Shape Can Change The Life : Sickle Cell Anemia. Know How?

Shape can change your life be it your waistline, bank account, age, etc. But what is surprising is that your life can change too if your blood cell shape is not correct. Yes, we are talking about Sickle Cell Anemia, a hereditary disorder in which the shape of a red blood cell is distorted into a crescent shape from the normal disc shape. So, let’s learn more about the most common blood disorder (anemia) present in human beings.  

What Is Sickle Cell Anemia?

Sickle cell Anemia is a hereditary disorder of red blood cells (RBC). Red blood cells contain hemoglobin (Hb), a protein that acts as a vector to carry oxygen. Healthy RBCs are round disc-like structures and they move through blood vessels to carry oxygen to all parts of the body. A person with sickle cell anemia has abnormal Hb, due to which the RBCs become hard and sticky and look like a C-shaped farm tool called a “sickle.” That is how it is called sickle cell anemia or sickle cell disease. 

Sickled RBCs are not like normal RBCs. They are not flexible and can stick to blood vessel walls, leading to blockages which slows or stops the flow of blood. The sickle-shaped RBCs are not competent enough in delivering oxygen to the rest of the body. Lack of oxygen can cause attacks of sudden severe pain, called pain crises. These pain crises come without warning, and a person who has them often needs to go to the hospital for effective treatment.

Normal RBCs live for 90 to 120 days, on the contrary sickle RBCs can survive 10 to 20 days only. Our body produces new RBCs to replace the old ones. But, in sickle cell disease, the RBCs are being destroyed at a much higher pace due to which the RBC count is lower as compared to people without sickle cell disease. Scientifically low RBC value is termed as Anemia, therefore this condition is called Sickle Cell Anemia.

Types Of Sickle Cell Anemia

There are several types of SCD. The specific type of SCD a person has depends on the genes they inherited from their parents. These genes carry genetic codes of the abnormal Hb. Based on the abnormal Hb it is classified as 

1. HbSS

In this type of SCD a person inherits two genes, one from each parent, that code for hemoglobin “S.” Hb S is an abnormal form of hemoglobin that causes the red cells to become rigid, and sickle shaped. This is commonly called sickle cell anemia and is usually the most severe form of the disease.

2. HbSC

In this form of SCD, a person inherits a hemoglobin “S” gene from one parent and a gene for a different type of abnormal hemoglobin called “C” from the other parent. This is a milder form of SCD.

3. HbS beta thalassemia

In this type of SCD, a person inherits a hemoglobin “S” gene from one parent and a gene for beta thalassemia, another type of hemoglobin abnormality, from the other parent. There are two types of beta thalassemia: “zero” (HbS beta0) and “plus” (HbS beta+). Those with HbS beta0-thalassemia usually have a severe form of SCD. People with HbS beta+-thalassemia tend to have a milder form of SCD.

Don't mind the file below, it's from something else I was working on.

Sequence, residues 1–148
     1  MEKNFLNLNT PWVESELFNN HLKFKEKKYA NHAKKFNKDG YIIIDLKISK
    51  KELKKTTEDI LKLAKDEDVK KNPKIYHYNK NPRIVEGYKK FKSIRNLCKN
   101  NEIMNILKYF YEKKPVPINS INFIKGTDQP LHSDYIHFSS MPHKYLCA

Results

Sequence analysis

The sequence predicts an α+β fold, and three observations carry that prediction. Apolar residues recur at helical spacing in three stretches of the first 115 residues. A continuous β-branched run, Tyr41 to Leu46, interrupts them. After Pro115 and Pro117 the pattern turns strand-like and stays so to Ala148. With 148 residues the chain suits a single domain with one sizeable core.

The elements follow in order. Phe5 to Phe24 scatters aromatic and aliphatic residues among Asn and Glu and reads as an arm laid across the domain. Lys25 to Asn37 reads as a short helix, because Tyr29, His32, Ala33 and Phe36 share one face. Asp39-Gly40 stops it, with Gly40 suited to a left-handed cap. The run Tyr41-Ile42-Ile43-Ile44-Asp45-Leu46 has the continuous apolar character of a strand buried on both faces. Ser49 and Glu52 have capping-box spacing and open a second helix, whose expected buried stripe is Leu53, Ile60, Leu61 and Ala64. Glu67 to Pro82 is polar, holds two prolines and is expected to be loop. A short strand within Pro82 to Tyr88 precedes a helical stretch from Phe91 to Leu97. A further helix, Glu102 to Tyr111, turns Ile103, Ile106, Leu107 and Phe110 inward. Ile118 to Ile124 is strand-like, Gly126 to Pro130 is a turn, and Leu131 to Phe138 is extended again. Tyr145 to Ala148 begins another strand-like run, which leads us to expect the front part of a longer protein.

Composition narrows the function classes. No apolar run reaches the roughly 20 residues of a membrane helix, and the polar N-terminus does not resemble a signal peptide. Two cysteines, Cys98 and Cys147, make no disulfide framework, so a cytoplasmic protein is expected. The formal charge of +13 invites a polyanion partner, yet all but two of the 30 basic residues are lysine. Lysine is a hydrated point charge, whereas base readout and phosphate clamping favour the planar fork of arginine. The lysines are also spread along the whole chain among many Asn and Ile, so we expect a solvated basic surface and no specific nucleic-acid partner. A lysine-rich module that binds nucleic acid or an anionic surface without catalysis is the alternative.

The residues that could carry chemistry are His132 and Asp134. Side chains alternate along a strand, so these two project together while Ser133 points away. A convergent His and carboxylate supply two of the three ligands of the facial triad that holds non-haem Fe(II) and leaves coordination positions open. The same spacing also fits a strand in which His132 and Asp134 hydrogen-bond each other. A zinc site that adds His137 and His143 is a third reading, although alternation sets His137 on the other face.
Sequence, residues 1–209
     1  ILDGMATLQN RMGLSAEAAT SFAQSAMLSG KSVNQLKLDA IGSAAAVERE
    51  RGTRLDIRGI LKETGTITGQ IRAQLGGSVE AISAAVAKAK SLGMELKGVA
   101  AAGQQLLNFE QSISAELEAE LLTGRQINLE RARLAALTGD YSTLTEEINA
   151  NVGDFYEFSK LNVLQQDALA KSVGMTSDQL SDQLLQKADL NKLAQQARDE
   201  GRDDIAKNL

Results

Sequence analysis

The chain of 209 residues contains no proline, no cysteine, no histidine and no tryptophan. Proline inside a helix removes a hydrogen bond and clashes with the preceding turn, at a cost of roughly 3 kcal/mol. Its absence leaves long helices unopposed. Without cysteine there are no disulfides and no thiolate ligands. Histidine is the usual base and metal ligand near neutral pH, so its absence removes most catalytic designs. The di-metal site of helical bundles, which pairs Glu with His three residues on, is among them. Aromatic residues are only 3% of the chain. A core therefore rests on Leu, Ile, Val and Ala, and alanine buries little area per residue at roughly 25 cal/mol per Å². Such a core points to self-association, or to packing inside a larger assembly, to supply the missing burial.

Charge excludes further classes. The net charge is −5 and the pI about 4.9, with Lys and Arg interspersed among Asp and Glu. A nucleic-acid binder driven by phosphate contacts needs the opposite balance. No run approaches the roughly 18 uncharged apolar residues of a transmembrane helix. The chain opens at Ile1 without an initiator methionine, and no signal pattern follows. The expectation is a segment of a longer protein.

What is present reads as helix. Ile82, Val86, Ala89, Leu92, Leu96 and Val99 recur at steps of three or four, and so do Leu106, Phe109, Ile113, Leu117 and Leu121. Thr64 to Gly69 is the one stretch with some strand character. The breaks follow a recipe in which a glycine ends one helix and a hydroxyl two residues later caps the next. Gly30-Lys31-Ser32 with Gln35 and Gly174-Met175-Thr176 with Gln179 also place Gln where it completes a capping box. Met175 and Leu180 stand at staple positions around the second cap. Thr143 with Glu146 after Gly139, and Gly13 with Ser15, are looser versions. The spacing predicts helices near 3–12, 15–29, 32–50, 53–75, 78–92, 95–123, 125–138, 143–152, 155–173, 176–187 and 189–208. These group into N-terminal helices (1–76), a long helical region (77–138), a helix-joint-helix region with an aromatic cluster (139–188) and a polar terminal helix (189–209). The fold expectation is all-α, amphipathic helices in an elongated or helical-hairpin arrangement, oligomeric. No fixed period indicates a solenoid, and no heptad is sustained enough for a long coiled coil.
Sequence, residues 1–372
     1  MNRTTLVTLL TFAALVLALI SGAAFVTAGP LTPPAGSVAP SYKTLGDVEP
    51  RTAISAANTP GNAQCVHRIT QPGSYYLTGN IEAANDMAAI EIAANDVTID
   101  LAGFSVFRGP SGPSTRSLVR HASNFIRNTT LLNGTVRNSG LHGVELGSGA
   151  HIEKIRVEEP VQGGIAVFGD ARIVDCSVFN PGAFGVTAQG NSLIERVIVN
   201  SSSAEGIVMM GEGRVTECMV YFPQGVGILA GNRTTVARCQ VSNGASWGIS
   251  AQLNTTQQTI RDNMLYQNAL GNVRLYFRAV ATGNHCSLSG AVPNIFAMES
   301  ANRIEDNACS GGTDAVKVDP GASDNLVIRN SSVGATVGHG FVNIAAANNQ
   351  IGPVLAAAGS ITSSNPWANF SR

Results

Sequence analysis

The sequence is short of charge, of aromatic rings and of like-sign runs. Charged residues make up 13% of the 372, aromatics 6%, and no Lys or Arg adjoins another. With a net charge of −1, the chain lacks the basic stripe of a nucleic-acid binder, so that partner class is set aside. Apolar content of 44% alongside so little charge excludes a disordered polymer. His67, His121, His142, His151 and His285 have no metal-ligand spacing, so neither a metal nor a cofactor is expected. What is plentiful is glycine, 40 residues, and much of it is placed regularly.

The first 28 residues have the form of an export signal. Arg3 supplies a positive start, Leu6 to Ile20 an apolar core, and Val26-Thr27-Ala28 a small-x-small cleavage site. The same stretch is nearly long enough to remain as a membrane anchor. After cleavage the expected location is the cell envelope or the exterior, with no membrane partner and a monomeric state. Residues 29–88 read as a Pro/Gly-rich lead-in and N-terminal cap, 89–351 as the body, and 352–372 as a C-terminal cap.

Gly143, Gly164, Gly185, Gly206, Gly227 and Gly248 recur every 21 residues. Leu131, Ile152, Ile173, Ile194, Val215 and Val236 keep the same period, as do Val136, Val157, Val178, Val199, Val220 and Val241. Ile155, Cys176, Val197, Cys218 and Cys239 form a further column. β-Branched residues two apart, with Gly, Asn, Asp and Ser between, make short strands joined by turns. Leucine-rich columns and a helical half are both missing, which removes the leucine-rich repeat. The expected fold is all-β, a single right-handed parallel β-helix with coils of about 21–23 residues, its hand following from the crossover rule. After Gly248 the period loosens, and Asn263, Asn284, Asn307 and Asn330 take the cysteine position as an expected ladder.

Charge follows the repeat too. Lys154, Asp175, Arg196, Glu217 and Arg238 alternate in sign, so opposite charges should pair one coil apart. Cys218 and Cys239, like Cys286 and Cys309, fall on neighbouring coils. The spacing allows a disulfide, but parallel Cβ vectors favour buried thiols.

There are some rare types of SCD also which includes: HbSD, HbSE, and HbSO

HbAS (Carrier Of sickle cell anemia) people who have HbAS or Sickle Cell Trait (SCT) inherit a hemoglobin “S” gene from one parent and a normal gene (one that codes for hemoglobin “A”) from the other parent. SCT usually does not have any signs of the disease; they are basically carriers of sickle cell disease. In rare cases, a person with SCT may develop health problems; usually under extreme physical stresses on the body. People who have SCT can pass the abnormal hemoglobin “S” gene on to their children.

Sickle Cell Anemia Symptoms

As it is a type of anemia. So, common symptoms are 

  • Fatigue.
  • Irritability.
  • Trouble breathing.
  • Pale skin color.
  • In children and young kids growth is hindered.

But the severity of anemia and its manifestation may vary. Beside these SCD is characterized by the following group of symptoms : 

1. Acute Pain Crisis

Acute pain crisis also called Vaso-Occlusive crisis (VOC), is the most common reason that sends people to hospitals and emergency care suffering from sickle cell anemia. It is characterized by : 

  • Sudden intense unbearable pain.
  • Pain can be sharp or stabbing.
  • Abdomen, lower back, arms and legs are commonly affected although can occur in any part of the body.

2. Acute Chest Syndrome (ACS)

ACS is the most common cause of death as well as the second most common cause of hospitalization in sickle cell anemia patients. It happens due to clumping and clogging of blood vessels of your lungs by the sickle cells. It is characterized by symptoms given below :

  • Sudden chest pain.
  • Cough.
  • Fever.

3. Stroke

Anyone who has sickle cell anemia is at risk for stroke, including babies. Approximately 11% of people with sickle cell anemia have strokes by age 20, and 24% have strokes by age 45. Here is information on stroke symptoms:

  • Severe headache.
  • Sudden weakness on one side of your or your child’s body.
  • Change in alertness.
  • Trouble speaking.
  • Trouble seeing.

4. Spleen Sequestration

It is a complication of SCD when sickled cells become stuck in the spleen it causes spleen enlargement . It is common in children. It can be fatal too as it may cause severe acute anemia. Symptoms include:

  • Pain in the left abdominal region with swelling.
  • Pale skin, fatigue, dizziness, increased heart beat, etc (anemia symptoms)

5. Chronic kidney disease

Kidneys in SCD are affected in at least 30% of cases and the common manifestations of SCD includes : 

  • Increased frequency of urination
  • Fatigue, dizziness, numbness
  • Loss of appetite.